Citing inadequate efforts to remove an anti-Muslim video from the web, a hacktivist group is calling for more distributed denial-of-service attacks to be launched against US bank sites.
The collective, known as Martyr Izz ad-Din al-Qassam Cyber Fighters, suspended its initial DDoS campaign in late January after an Innocence of Muslims video with 17 million views was removed from YouTube.
But in a Pastebin message posted at the time, the group warned that attacks would continue if a list of other highly viewed videos on the site weren't pulled.
On Tuesday, a new Pastebin message from the group appeared, promising that a new phase of its DDoS attacks would begin this week.
Previous website disruptions for which the Cyber Fighters claimed responsibility included those affecting JPMorgan Chase, Bank of America, Citigroup, Wells Fargo, US Bancorp, PNC Financial Services Group, BB&T Corp., SunTrust Banks and Regions Financial Corp.
“While running phase 2 of Operation [Ababil], a main copy of the insulting film was removed from YouTube and that caused phase 2 to be suspended,” said the message.
“Al-Qassam cyber fighters measured this act positively and [as a] sign of rationalism in the US government and for this reason suspended the operation for one month. That also was an opportunity for [the] US government to think more about the topic and remove other copies of the film as well.”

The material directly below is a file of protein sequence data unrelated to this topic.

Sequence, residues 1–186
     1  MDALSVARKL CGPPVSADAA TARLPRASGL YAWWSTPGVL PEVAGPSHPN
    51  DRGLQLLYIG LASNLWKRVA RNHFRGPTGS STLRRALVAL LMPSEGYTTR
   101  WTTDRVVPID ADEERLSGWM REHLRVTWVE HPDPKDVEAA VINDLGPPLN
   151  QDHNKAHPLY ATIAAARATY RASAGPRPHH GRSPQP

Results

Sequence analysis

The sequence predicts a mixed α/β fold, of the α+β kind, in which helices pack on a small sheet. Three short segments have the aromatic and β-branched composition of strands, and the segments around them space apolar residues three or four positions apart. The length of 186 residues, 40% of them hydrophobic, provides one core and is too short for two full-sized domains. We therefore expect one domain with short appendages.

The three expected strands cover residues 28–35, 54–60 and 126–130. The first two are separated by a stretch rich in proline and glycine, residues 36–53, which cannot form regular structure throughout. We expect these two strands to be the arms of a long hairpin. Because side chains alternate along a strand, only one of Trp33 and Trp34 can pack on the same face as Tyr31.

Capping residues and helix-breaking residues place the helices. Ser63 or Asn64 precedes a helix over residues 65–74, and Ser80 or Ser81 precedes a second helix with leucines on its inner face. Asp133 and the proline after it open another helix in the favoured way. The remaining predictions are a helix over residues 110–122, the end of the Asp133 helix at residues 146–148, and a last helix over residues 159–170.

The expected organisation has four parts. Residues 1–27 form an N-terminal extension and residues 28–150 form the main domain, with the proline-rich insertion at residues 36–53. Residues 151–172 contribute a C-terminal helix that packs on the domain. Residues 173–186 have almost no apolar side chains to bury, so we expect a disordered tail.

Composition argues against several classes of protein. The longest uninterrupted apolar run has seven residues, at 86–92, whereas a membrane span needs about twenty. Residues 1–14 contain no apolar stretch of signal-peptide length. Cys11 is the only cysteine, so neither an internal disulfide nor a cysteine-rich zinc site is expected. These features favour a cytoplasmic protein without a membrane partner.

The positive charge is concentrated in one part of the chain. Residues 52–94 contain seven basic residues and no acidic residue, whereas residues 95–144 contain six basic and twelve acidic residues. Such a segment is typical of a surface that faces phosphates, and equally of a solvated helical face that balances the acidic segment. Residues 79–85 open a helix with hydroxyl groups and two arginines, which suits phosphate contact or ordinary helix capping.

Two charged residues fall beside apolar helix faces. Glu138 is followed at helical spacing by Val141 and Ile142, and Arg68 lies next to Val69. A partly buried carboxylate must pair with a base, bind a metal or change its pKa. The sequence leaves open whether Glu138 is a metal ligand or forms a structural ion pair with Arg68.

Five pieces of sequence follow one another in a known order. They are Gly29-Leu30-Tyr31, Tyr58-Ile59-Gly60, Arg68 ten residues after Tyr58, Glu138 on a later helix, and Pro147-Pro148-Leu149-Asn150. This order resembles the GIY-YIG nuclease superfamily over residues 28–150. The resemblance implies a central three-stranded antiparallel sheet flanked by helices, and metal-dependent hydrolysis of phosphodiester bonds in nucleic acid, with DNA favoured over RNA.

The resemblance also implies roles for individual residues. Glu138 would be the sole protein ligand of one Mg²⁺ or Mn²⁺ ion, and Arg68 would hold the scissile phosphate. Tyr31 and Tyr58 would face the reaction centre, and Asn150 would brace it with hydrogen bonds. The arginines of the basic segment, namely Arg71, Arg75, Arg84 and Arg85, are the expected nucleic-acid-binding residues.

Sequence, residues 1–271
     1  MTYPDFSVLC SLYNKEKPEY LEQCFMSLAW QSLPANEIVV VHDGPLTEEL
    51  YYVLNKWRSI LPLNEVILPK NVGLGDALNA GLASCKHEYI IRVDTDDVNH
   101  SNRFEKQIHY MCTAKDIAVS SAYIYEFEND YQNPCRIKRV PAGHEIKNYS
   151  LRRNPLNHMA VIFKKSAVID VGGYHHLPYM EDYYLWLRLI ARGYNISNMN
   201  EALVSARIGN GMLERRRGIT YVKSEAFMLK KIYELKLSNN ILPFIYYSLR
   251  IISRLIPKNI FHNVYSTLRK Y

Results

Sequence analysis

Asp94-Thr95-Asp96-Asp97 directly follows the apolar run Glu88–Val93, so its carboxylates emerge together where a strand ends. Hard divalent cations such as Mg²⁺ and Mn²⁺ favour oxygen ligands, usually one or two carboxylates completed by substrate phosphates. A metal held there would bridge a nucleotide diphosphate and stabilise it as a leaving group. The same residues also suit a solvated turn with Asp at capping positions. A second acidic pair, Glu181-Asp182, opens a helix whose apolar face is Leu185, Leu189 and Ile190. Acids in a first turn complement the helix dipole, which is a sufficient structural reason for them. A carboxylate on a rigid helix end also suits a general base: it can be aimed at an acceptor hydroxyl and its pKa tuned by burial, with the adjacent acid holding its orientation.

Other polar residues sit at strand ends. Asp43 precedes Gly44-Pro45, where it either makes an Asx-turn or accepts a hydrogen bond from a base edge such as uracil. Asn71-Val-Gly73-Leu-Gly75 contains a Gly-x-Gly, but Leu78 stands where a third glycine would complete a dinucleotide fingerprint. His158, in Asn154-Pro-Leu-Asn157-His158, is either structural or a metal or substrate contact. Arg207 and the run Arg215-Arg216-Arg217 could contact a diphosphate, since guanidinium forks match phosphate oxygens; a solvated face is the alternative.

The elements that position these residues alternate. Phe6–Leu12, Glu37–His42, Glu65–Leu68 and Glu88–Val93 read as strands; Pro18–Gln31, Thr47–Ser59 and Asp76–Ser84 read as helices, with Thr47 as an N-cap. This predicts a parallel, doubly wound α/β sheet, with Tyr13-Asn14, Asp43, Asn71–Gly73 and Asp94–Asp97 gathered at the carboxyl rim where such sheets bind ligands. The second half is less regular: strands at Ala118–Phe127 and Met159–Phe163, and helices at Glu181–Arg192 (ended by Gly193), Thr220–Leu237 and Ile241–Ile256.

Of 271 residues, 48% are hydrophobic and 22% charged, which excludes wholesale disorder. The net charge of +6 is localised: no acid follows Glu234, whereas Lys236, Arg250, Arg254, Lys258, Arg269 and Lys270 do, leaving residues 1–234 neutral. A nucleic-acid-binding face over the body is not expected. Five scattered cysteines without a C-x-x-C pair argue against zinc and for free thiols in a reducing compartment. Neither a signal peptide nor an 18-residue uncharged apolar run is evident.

The group claimed that American banks would be struck with DDoS attacks during working hours on Tuesdays, Wednesdays and Thursdays, under phase three of Operation Ababil.
Throughout this week, an influx of complaints has been posted on Sitedown.co, which allows users to post about their issues accessing certain web sites.
As recently as Friday, users reported problems using sites for BB&T and Bank of America. Some Capital One customers said site issues persisted over the last two or three days.
Speculation about the true source of the attacks has varied, even as the Cyber Fighters continue to use Pastebin as an outlet to communicate plans, much like other hacktivist groups, including Anonymous, have done.
The New York Times quoted in January an unnamed government officials who said the DDoS attacks were backed by the Iranian government as an act of retaliation for sophisticated malware believed to have been served by the United States to strike targets within the country – like Flame, Duqu and Stuxnet – which are capable of gathering intelligence or sabotaging critical infrastructure systems.
Just last month, Debbie Matz, the chair of the National Credit Union Administration (NCUA), sent a letter to credit unions advising them to implement DDoS mitigation strategies given an “increasing frequency of cyber terror attacks on depository institutions.”
The letter said that network security controls, like firewalls and other intrusion detection software, may offer “inadequate protection” against DDoS attacks, primarily used to cause “service outages rather than stealing funds or data” from customers.